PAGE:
Edith Stein Dissertation

Edith Stein Dissertation-45
She was a leading student of Edmund Husserl, founder of an influential school of philosophy known today as .It is high praise indeed for a modern philosopher as esteemed as Alasdair Mac Intyre to have recently characterized Edith’s doctoral dissertation as “a work of some philosophical importance…because of the questions that she raises.” (Alasdair Mac Intyre, 1913-1922, 2006, Sheed & Ward, p. The questions that preoccupied Edith Stein were inspired partly by the unsolved problems of Husserl’s phenomenology, but also by the personal experiences that came to shape her life.

She was a leading student of Edmund Husserl, founder of an influential school of philosophy known today as .It is high praise indeed for a modern philosopher as esteemed as Alasdair Mac Intyre to have recently characterized Edith’s doctoral dissertation as “a work of some philosophical importance…because of the questions that she raises.” (Alasdair Mac Intyre, 1913-1922, 2006, Sheed & Ward, p. The questions that preoccupied Edith Stein were inspired partly by the unsolved problems of Husserl’s phenomenology, but also by the personal experiences that came to shape her life.

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Since phenomenology is an eidetic, a priori science, such a claim is at least prima facie plausible.

As argued in a text drafted by Edith Stein on behalf of Husserl, “Zur Kritik an Theodor Elsenhans und August Messer” (Husserliana 25), the relationship is far more complex.

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Thankfully, Husserl’s wife was instrumental in getting the professor to read her paper in a timely fashion. In her paper, entitled , Edith Stein confronted a question that I would paraphrase as follows: Are we prisoners in private little cells, unable to communicate with one another, or can we truly know the experience of other people, can we truly know how they feel , can we realize spiritual solidarity with others?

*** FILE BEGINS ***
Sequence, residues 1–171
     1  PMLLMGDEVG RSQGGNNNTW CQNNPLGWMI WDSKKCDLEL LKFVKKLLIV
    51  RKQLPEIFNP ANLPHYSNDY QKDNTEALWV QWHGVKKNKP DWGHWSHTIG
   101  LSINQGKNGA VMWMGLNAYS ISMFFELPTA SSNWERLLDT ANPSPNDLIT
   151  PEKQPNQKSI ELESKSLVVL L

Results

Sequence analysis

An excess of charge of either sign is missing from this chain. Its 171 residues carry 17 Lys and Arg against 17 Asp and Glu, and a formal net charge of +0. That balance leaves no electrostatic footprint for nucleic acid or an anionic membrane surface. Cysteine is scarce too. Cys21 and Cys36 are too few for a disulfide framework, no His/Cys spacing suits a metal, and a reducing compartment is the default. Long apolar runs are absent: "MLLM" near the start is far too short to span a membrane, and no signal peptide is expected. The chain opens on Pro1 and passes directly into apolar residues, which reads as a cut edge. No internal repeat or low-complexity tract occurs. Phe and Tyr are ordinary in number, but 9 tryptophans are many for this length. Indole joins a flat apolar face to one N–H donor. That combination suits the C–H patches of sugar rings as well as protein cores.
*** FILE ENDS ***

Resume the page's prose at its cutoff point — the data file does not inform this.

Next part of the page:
The dominant mode of thought in the 20th century would answer that question with a measured “no.” The influential philosopher Immanuel Kant argued that one could never truly know things or persons in themselves.They do so by conceding that eidetic phenomenological insights leave room for fallibility and that empirical evidence can reveal that an a priori eidetic finding must be mistaken although the former cannot strictly speaking refute the latter.This, of course, raises systematic questions that are relevant to any phenomenology in Husserl’s tradition. Can empirical evidence supplement or even defeat a priori insights?This largely unknown text is a highly important contribution of early phenomenology to the ongoing debate on the relationship between phenomenology and empirical science.Here Stein / Husserl challenge a common view of the phenomenological method, which was widespread among their contemporaries and is still effective nowadays.Is it true that every type of evidence, even apodictic evidence, is fallible?As far as methodology is concerned, we are interested in both historical, interpretative contributions, which address Edith Stein’s thoughts on these matters, and purely systematic contributions, raising the issue how phenomenologists judge on these matters. Google(); req('single_work'); $('.js-splash-single-step-signup-download-button').one('click', function(e){ req_and_ready('single_work', function() ); new c. Access to society journal content varies across our titles.How to view the relationship between a priori sciences and empirical sciences in general?How to view the relationship between phenomenology and psychology in particular? In what ways precisely can phenomenological investigations benefit from empirical research?

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